Supplementary memorandum submitted by HM Treasury
HM Treasury Guidance: Selling Government Services
into Wider Markets
1. This note sets out the circumstances
under which the Treasury would expect to be consulted regarding
the levels of receipts from wider markets activities. As Mr Glicksman
said in answer to Q119, the Treasury guidance is contained in
a document entitled Selling Government Services into Wider
in 1998 ("the Wider Markets guidance").
2. The guidance generally applies to commercial
activity of a non-statutory, discretionary nature. 
3. The guidance, a departure from the previous
policy, was designed to encourage departments to make the best
use of existing public assets. As such, a number of safeguards
and triggers for action were introduced to manage risk. These
included requirements for the Treasury to be consulted in certain
4. The original 1998 edition stated (at
footnote 2 on page 10):
"Where annual receipts from Wider Markets
appropriated-in-aid exceed 5 per cent of departmental (ie Class)
cash-limited provision, departments should consult Treasury spending
5. The guidance was revised in December
2001, to reflect the transition to Resource Accounting and Budgeting
(RAB). The revision states:
"Treasury spending teams should be consulted
where a department's aggregated annual receipts from wider markets
projects exceed 5 per cent of discretionary spending within the
Departmental Expenditure Limit."
6. This applies to net receipts (ie income
from wider markets activities after the costs of providing the
activity have been deducted) and to gross discretionary spending.
7. The intention of the 5 per cent threshold
in the Wider Markets guidance was to give the Treasury early warning
of particularly high levels of wider markets receipts to ensure
that departments' core activities do not become dependent on receipts
from wider markets activity, which may be uncertain and irregular.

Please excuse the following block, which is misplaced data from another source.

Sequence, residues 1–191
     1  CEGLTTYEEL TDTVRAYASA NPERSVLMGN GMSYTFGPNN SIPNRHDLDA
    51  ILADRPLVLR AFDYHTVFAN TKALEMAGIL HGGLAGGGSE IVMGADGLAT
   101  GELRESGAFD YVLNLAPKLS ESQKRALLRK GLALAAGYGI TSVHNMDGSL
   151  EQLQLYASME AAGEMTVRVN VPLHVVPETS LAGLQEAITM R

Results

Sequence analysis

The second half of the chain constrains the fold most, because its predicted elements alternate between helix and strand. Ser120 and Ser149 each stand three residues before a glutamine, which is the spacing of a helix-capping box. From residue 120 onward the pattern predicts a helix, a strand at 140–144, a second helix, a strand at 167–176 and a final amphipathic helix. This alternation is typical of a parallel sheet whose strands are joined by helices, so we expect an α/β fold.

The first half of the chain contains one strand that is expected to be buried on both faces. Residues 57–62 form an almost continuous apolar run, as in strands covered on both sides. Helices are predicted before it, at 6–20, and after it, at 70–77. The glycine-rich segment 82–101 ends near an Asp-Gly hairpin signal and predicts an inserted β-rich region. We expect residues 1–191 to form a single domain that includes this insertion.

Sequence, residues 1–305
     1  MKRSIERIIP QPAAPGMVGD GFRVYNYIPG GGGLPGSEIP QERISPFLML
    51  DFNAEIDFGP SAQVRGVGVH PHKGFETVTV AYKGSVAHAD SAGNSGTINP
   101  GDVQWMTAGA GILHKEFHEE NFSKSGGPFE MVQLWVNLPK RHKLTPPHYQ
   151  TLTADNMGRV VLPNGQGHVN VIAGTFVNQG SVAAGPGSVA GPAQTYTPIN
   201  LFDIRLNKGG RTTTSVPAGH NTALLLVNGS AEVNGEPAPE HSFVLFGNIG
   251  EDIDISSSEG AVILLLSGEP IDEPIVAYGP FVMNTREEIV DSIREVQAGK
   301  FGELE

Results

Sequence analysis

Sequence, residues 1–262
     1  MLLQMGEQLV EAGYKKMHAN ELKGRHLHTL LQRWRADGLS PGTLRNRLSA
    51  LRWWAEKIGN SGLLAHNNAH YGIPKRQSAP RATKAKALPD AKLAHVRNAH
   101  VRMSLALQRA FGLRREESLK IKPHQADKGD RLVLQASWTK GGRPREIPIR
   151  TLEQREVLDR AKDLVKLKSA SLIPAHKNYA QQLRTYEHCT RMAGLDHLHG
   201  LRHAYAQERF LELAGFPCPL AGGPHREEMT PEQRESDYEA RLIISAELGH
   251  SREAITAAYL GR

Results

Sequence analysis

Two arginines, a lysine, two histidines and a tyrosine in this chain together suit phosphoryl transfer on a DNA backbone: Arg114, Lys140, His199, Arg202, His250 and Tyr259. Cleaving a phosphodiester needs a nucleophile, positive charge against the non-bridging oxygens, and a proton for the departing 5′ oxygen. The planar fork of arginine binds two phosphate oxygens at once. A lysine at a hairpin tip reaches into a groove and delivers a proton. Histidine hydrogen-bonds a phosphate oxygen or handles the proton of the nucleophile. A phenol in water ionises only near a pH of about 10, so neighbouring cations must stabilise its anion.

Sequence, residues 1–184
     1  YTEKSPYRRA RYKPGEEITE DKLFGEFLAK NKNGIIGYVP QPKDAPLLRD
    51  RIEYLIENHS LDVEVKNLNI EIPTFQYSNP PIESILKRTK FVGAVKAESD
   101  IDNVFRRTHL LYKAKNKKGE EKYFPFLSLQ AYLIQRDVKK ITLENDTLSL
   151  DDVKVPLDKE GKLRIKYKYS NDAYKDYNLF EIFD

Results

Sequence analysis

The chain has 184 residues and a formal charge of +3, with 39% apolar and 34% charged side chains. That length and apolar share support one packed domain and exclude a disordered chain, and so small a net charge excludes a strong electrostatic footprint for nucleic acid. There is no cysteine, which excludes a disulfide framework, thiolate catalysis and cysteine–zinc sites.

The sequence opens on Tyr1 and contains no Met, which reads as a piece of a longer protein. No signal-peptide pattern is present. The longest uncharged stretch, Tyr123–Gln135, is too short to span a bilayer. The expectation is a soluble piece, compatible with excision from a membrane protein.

8. The requirement is only that departments
consult the Treasury. The Treasury would normally expect
to permit departments to continue to generate wider markets receipts
above this level, subject (where necessary) to conditions, which
might include continued monitoring by the department (in the case
of Agencies and NDPBs) and the Treasury. The key consideration
for the Treasury is that the provision of the departments' core
services remains sustainable.
9. The guidance also states that all projects
where the full annual cost is more than £1 million require
Treasury approval. This threshold was derived from the Treasury's
Fees and Charges Guide. In practice, as departments should be
utilising existing assets, the Treasury would not expect them
to incur major expenditure in establishing wider markets products
or services. Contentious and repercussive projects must also be
approved by the Treasury.
10. The 5 per cent threshold applies at
departmental level. Within that, it is for departments to monitor
and control the activities of their agencies and NDPBs (such as
the Research Councils).
11. To date, the Department of Trade and
Industry has not consulted the Treasury regarding wider markets
receipts under the terms of the Wider Markets guidance because,
at departmental level, receipts have not reached the level of
5 per cent of discretionary spending.
12. The Treasury is currently revising the
Wider Markets guidance. This will reflect developments in competition
legislation, the Freedom of Information Act 2000 and Treasury
guidance: Charging for Information: When and How. The
revision to the guidance will also take the opportunity to specify
more precisely the circumstances under which departments should
consult the Treasury, in particular to specify when net and gross
figures should be used (see paragraph 6).
Mr Brian Glicksman
Treasury Officer of Accounts
8 www.hm-treasury.gov.uk/mediastore/otherfiles/sgswm.pdf Back
Further details about the applicability of the guidance are set
out in paragraph 7 of the Wider Markets guidance. Back